According to a report from Reuters Cerberus, a U.S. private investment firm, is considering buying German insurer Gerling. No definitive decision has been reached, but talks are said to be in an advanced stage.
One source told Reuters that the negotiations were now at the level of “due diligence.” This indicates that they are serious and well advanced, as Gerling would be required to fully open its books and related financial data to inspection by Cerberus.
Neither company has as yet commented on the report, and no figures have been given.
Gerling, which now operates mainly in Germany, has shrunk to a shadow of its former self. It was ranked as the seventh largest non-life reinsurer in the world in 2001, based on net premiums written of $3.462 billion, but asbestos claims, the weak equity markets and Sept. 11 combined to severely impact the company’s finances.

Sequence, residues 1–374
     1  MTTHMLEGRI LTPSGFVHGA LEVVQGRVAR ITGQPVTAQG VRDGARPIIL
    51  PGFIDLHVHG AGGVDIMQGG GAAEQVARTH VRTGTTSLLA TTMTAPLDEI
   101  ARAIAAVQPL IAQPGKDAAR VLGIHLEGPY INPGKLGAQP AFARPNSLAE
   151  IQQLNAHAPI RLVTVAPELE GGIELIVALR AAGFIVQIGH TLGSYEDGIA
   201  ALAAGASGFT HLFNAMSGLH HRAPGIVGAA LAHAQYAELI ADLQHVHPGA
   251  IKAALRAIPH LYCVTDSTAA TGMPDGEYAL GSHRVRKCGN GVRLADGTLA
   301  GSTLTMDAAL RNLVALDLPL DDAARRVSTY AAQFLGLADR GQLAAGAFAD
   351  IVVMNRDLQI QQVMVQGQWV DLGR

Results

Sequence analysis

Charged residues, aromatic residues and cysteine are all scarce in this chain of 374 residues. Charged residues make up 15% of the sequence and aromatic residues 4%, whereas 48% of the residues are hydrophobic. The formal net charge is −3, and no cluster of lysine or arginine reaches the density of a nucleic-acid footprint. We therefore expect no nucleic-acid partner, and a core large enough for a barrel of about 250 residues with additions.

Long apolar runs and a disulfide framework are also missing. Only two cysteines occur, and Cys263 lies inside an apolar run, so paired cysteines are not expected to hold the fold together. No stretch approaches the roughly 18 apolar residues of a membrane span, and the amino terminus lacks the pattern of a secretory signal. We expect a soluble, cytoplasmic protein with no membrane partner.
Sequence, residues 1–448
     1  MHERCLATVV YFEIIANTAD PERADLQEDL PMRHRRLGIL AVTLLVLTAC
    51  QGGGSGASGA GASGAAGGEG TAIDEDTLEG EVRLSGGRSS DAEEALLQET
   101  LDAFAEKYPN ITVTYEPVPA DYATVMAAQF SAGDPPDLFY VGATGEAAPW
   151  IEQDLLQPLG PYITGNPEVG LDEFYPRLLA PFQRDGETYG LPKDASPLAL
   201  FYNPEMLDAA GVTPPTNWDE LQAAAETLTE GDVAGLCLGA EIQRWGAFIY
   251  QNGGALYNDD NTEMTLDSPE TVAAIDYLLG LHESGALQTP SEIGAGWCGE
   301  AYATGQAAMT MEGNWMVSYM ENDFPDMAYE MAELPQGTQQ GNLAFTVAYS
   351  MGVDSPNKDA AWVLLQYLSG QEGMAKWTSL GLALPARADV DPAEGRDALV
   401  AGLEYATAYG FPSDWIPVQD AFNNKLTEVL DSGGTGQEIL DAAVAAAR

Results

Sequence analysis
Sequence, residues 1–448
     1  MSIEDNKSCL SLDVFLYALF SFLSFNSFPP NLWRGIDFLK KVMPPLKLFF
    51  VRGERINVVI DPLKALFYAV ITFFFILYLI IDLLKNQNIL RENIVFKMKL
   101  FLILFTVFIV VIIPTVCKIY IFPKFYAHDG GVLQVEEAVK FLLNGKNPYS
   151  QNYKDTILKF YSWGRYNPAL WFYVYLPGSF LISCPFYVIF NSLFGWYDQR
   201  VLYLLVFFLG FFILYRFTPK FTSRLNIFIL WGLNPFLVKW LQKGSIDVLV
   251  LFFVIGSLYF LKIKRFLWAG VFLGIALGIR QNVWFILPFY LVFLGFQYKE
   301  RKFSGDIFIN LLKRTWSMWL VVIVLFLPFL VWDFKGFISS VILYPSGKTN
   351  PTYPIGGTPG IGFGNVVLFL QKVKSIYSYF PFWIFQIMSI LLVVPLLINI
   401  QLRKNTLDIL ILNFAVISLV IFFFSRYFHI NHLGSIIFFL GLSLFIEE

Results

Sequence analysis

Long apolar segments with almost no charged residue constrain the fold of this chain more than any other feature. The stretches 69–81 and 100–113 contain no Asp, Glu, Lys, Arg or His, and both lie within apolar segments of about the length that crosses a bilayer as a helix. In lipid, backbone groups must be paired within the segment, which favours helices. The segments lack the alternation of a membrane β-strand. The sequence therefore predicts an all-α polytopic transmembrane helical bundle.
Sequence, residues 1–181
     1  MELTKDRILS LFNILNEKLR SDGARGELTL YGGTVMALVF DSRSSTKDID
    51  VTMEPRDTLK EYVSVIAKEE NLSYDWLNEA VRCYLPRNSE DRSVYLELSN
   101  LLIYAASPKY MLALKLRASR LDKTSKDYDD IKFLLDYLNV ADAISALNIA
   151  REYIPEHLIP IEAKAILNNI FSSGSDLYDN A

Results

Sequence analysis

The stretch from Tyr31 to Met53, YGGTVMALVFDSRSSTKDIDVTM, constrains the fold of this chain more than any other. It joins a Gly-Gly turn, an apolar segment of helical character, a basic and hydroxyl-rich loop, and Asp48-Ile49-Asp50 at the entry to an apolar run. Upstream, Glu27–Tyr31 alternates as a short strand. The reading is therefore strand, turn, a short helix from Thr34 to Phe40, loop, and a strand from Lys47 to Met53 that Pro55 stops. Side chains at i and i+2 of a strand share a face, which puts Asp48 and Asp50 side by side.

At the end of October 2002 Gerling-Konzern Globale Ruckversicherungs—AG (GKG), its reinsurance operation, announced that it had given up on the survival of its P/C reinsurance operations and on merger efforts to save them. GKG put more than $4.5 billion worth of P/C reinsurance business into run-off, and restructured its reinsurance operations to concentrate on its life business. At the time it also indicated that it was still looking for a new partner. It may finally have found one.
Reuters also reported that potential buyers include Talanx and Zurich Financial Services.
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